Jump to content

What would Jesus drive?


Flying_Mollusk
 Share

Recommended Posts

US evangelicals boost green lobby

 

Environmentalists are blaming US President George Bush and his friends in the energy industry for wrecking a G8 deal on global warming before he has even boarded the plane to the summit in Gleneagles.

 

Coming from his usual critics, this is unlikely to trouble the president as he heads for the summit, but he faces growing pressure to give greater priority to the environment from one of his most loyal domestic constituencies: the religious right.

 

Evangelical Christians form a crucial plank in Mr Bush's formidable political base (he is an evangelical himself) and care for the environment is becoming an important part of their agenda.

 

Green evangelicals first hit the headlines in 2002, when Reverend Jim Ball launched a campaign called "What would Jesus drive?", claiming that gas-guzzlers are ungodly.

 

His call for the US government to take action to protect the environment has since been taken up by powerful leaders of the evangelical community.

 

'Protect God's creation'

 

The 30-million-member National Association of Evangelicals (NAE) published a landmark document in November calling on conservative Christians to "labour to protect God's creation".

 

It stated that "government has an obligation to protect its citizens from the effects of environmental degradation."

 

 

Traditional environmentalists blame corporations where we want corporations and government to work together

Ted Haggard

President, National Association of Evangelicals

NAE president Reverend Ted Haggard discussed global warming with Tony Blair when the British prime minister visited Washington to drum up support for his G8 agenda last month.

 

Christianity Today, an influential evangelical magazine, backed a Senate bill calling for mandatory caps on greenhouse gas emissions, something the White House opposes.

 

The "greening" of the evangelical movement has its roots in biblical references to mankind's responsibility to care for God's Earth.

 

While the presence of committed environmentalists among supporters of a president the left dubs the "Toxic Texan" may seem surprising, for Mr Haggard there is no contradiction.

 

"We came to the issue because of the Bible," he told the BBC News website.

 

"New scientific evidence is raising concerns and, since we have so many evangelical Christians in government right now, we wanted to highlight that the environment is a worthy concern for evangelicals."

 

Suspicions remain

 

The repackaging of environmentalism under the banner of "creation care" makes it more acceptable to Republicans suspicious of the secular, liberal types who have dominated green politics in the past.

 

But not all Christian conservatives are happy about this new departure.

 

Focus on the Family, which has been at the forefront of campaigns against abortion and gay marriage, says it cannot support "any issue that seems to put plants and animals above humans".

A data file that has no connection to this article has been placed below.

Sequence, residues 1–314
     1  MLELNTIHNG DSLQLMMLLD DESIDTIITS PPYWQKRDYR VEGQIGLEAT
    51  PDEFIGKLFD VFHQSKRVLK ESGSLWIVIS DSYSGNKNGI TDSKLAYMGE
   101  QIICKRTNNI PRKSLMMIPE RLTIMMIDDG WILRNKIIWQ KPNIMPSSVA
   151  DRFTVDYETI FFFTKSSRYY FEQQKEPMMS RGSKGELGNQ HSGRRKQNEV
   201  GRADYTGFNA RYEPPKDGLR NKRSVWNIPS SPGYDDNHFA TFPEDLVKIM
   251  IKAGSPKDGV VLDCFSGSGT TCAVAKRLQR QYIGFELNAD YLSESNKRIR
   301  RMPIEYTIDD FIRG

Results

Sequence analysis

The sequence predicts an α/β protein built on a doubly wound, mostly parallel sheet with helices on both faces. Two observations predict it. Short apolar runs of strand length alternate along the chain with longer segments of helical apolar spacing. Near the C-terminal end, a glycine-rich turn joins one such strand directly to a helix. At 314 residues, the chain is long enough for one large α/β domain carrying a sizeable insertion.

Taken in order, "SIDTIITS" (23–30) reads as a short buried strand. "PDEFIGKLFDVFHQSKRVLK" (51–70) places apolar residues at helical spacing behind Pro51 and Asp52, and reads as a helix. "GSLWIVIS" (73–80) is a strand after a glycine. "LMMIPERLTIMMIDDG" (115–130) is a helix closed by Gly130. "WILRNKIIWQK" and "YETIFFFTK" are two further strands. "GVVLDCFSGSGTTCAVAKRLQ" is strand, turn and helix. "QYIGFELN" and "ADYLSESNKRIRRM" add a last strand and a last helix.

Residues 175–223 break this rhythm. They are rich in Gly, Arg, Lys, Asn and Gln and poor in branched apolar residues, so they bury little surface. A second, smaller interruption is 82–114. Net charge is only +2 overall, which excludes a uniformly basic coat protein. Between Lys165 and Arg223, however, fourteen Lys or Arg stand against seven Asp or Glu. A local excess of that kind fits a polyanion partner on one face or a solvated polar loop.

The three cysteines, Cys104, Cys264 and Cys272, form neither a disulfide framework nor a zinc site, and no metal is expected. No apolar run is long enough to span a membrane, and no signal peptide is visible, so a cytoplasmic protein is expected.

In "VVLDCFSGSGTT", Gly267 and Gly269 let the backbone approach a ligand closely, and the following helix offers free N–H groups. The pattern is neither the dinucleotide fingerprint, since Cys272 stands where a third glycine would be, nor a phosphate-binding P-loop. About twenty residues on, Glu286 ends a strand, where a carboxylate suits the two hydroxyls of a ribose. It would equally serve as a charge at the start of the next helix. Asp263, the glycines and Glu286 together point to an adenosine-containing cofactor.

"Some worry that enthusiasm for some of the longstanding issues that political evangelicals have dealt with will be diminished if we take on too much," says David Neff, editor of Christianity Today and one of the authors of the NAE manifesto.

 

A Sports Utility Vehicle at a US gas station

The Bush administration stresses the "uncertainties" of climate change

This concern helps explain why "creation care" has yet to have an impact on White House policy. Energy security and economic growth have taken priority over protection of the environment in the Bush White House.

 

Although the president has promised certain reductions to greenhouse gases by 2012, using tax breaks and voluntary schemes, he opposes mandatory emission controls.

 

The State Department's 2002 Climate Action Report accentuates the alleged "uncertainties" of climate change science.

 

But Mr Haggard is convinced that green evangelicals will change Republican policy over the long term.

 

"It's a biblical mandate that this generation of Christians have to address," he says.

 

Evangelical power

 

Political scientist Professor John Green of the University of Akron agrees that "because evangelicals are so important to the Republican coalition" there is "great potential" for them to cause a shift in Republican policy in the next few years.

 

"The abortion issue is an example of how a well-organised constituency can bring about changes," he argues.

 

In the same way that the need for evangelical votes has pushed moderate Republicans to take up anti-abortion positions, sceptical Republicans may be persuaded to shift their position on the environment, Prof Green says.

 

According to the Pew Research Center, the political clout of evangelicals is on the increase - white evangelical Christians accounted for more than a third of all votes cast for President Bush in the November 2004 election.

 

California Governor Arnold Schwarzenegger

Other powerful Republicans have leant their weight to the debate

While their electoral power alone may be enough to persuade fellow Republicans to give greater priority to the environment, evangelicals' distinctive approach to the issue could also help.

 

"Traditional environmentalists blame corporations where we want corporations and government to work together. The Republicans are missing it right now because they equate environmentalism with being anti-business," says Mr Haggard.